Audit giant KPMG is to sell its restructuring arm because conflicts of interest and regulatory scrutiny are preventing it from winning work.
In an email to colleagues KPMG UK chairman and senior partner Bill Michael said that concerns relating to conflicts of interest arising from its existing work was likely to “limit the restructuring clients we can serve and constrain our ability to maximise the growth of this business,” the Telegraph reported.
As a result KPMG has decided to sell its restructuring arm. Last month the Big Four firm confirmed it was “exploring options” for its restructuring business.
Some 22 of KPMG’s roughly 600 partners work in its restructuring business, alongside 475 staff members.
A KPMG spokesperson said: “Our industry-leading restructuring business has an established track record of advising on some of the highest profile and most complex projects across the UK. However, in recent years we have seen the dynamics of the UK insolvency and restructuring market change.
“As a result, we have concluded that now is the right time to explore a potential sale of our UK Restructuring practice.”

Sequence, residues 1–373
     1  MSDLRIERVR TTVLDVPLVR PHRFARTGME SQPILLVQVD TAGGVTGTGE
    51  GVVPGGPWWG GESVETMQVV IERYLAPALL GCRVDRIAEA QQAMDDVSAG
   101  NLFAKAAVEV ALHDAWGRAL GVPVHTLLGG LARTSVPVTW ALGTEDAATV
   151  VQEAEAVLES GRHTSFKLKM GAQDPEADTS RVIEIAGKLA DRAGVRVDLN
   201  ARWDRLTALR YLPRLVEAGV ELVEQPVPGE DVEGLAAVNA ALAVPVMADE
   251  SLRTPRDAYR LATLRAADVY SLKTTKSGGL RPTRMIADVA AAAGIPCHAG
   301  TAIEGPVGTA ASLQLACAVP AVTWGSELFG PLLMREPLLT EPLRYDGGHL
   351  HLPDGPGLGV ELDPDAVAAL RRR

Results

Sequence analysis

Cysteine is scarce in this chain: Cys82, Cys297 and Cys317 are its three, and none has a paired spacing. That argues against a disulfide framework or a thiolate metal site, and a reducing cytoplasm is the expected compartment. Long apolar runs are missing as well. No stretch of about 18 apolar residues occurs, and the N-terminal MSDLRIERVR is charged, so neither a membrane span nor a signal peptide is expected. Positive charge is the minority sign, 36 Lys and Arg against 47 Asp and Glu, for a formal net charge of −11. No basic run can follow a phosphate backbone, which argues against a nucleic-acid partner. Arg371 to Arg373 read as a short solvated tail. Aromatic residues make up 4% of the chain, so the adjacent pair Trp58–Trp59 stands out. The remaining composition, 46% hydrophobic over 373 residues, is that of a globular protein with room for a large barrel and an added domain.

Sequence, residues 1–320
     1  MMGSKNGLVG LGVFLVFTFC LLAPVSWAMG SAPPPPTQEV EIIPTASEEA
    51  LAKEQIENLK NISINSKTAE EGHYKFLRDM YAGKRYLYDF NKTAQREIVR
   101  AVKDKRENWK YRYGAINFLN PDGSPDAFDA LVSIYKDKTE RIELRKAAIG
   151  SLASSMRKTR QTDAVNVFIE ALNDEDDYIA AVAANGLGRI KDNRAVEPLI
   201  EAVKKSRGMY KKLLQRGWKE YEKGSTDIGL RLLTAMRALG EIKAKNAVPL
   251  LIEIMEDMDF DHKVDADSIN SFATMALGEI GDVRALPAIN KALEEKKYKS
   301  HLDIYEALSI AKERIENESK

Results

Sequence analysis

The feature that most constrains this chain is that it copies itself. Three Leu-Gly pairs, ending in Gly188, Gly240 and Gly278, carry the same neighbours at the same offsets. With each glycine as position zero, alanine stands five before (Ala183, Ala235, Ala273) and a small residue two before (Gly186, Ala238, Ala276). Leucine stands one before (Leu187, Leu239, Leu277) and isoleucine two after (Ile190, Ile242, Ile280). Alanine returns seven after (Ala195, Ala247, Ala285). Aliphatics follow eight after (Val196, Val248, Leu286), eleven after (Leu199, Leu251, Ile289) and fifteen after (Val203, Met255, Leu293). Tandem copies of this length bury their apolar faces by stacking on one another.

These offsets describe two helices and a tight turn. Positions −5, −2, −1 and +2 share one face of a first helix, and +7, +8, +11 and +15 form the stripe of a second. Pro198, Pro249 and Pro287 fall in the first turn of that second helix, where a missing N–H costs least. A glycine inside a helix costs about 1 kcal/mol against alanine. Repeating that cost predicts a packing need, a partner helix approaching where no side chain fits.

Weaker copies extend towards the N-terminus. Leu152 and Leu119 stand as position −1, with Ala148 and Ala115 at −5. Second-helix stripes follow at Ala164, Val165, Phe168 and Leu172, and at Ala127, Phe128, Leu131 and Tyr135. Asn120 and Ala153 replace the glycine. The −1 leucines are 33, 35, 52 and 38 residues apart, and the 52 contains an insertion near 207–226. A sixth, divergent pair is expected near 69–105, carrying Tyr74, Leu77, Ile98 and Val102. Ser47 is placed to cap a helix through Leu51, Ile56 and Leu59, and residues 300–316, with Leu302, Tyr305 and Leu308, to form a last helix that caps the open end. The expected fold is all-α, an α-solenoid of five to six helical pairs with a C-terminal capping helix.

KPMG has been haemorrhaging contracts in the last 12 months, according to consultancy website Consultancy UK. The giant has lost 52 clients in the last year – more than the 17 EY lost, or the 27 Deloitte dropped, combined.
The news comes as the Big Four auditors plan “operational separation” of their audit and consulting businesses.
The Financial Reporting Council (FRC) ordered the firms to break up their audit divisions from the rest of their business earlier this year amid concerns about companies mixing audit and lucrative consulting work for the same clients.
The push to reform the audit sector follows a series of high-profile accounting scandals including the collapses of BHS, Patisserie Valerie, and Carillion – the latter an audit client of KPMG.